At Purgatory, MTB-focused lift access, trail prep and downhill challenges are the norm. The first U.S. resort to host a MBT world championship (1995), "Purg" sells single-ride, day, and season passes-- the latter includes massive Spider Mountain bike park in Austin, Texas.
Another mountain bike mecca is Crested Butte. Its Mountain Bike Park opened in 2009, and its more than 30 miles of single track downhill and X-C runs have been improved ever since. The bike-friendly Red Lady Express does the heavy-lifting to get riders onto the mountain.
Steamboat hosts a ton of attractions around its under-construction base area. Featured is the Outlaw Mountain Coaster with a descent of more than a mile long. With that length, there's plenty of track for loops, turns and twists.
Aspen Mountain and Snowmass crank up their gondolas for summer visitors. A ride up the Silver Queen gondola reaches the11,212-foot summit of Aspen Mountain. The summit area has been developed as the main magnet for the resort, with hiking trails, wildflowers, live music, good food and 360-degree views of Maroon Bells and Roaring Fork Valley.
Across the way, Snowmass turns on a gondola of its own -- the Elk Camp Gondola -- to get folks to the trails, vistas and food in and around mid-mountain Elk Camp. New this summer is the Lost Forest Adventure Center at Elk Camp, with ziplines, bike trails, climbing wall and mountain coaster.
Winter Park is playing off on the popularity of e-bikes this summer with 90-minute tours for pedal-assist mountain bicycles. Three tours run daily from the top of the Explorer Express chair at Sunsport Lodge (also headquarters for renowned Trestle Bike Park). E-bikers head up another 600 feet of vertical to Lunch Rock. No charge for views of Continental Divide.
Summer visitors to Colorado ski and snowboard mountains will see plenty of construction going on, as seven resorts across the state string new lifts for the upcoming season.
All across the country, resorts have been working hard to bolster their offerings and to fix systemic issues, from addressing long lift lines and the mountain-town housing shortage to investing in renewable energy. With the proper precautions, there are more reasons than ever to hit the slopes this season.
With snowmaking temps more favorable, more and more Colorado ski and snowboard resorts are opening, and Ikon Pass holders can try out as much variety in Colorado as in any other state in the Union.
As the snow begins to fall, it's time to plan ahead and book a flight to your favorite Colorado resort -- whether flying in from East, West or in between.
It takes more than good terrain to be a truly great ski town. When you're walking in ski boots and lugging your equipment around, a town that sits at the base of the ski area or has a great bus system will make all the difference.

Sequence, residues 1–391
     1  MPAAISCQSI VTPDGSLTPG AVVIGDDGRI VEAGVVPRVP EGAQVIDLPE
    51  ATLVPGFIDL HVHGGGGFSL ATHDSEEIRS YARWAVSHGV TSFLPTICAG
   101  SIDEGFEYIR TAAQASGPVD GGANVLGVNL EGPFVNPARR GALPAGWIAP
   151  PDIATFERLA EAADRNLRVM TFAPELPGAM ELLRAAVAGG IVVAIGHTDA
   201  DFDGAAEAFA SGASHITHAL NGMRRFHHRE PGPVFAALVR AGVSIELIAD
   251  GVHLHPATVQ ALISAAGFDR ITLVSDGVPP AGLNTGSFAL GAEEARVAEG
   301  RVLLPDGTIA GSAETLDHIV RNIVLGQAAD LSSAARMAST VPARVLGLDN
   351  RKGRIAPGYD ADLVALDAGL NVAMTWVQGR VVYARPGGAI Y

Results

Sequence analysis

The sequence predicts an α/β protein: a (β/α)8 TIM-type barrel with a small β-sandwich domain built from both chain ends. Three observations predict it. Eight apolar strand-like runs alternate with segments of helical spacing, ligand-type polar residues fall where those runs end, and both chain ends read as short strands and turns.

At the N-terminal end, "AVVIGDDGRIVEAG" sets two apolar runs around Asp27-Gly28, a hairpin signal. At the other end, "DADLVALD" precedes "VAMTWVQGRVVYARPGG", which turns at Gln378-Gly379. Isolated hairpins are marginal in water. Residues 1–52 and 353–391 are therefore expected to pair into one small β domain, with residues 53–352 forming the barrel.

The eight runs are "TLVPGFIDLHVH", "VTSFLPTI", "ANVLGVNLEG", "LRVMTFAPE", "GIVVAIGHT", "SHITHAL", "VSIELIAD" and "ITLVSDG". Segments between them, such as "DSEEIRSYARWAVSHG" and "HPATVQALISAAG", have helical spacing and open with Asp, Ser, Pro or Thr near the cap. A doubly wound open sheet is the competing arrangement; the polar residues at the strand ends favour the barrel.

In Colorado, the most definitive way to know that summer is over and winter is not long off comes when the high-country aspen groves put on their brilliant yellow coats.
At many ski and snowboard resorts, October comes in September -- in the form of the lederhosen, dirndl, clogs, knee socks, and, of course, beer.
Summer may be waning, but the number of bikes, runs and hikes in the Colorado Rockies isn't fazed by the calendar, as the final weeks of August are filled with activities for the active.
It's been almost a decade since electric-assisted e-bikes hit the streets and bike paths of the urban West, and now they are gaining acceptance as a summer option at ski and snowboard mountain resorts.
The purveyors of the Ikon Pass have announced a new round of investments at its major ski and snowboard resorts in the West, including the much-anticipated gondola connection between Squaw Valley and Alpine Meadows.
A storm system will bring heavy snow to the western mountains, especially the Colorado Rockies this weekend as a cold and stormy pattern persists. On the flip side, the East enjoys mild and spring-like conditions. This week’s SnoCast has the details through St. Patrick’s Day week.
March came in like a lamb, and will stay “lamb-y” with a few small storm systems to track and a typical hint at Spring-like warmth. Read the details in this week’s SnoCast.
Whether it be Covid-distance crowds, the high price of lift tickets, or simply a need to breathe the Great Outdoors, the participation in uphill skiing has exploded in Colorado this season.
A large pool of bitter cold air seeps into the US from Canada this week, affecting the weather from coast to coast. Here’s what to expect on the slopes.
Hoppin' a ride on a snowcat to get off the piste and into the powder stashes of the backcountry is a popular pastime at Colorado resorts. But this season, there are fewer options than normal.
Significant increases in positive coronavirus cases in Colorado -- and resultant stress on hospital capacities -- have forced further restrictions on the number of skiers and riders who can hit the slopes at the same time.
Several New Mexico ski and snowboard resorts will delay openings, as the governor brought her state back to early-Covid restrictions this week by issuing a stay-at-home lockdown.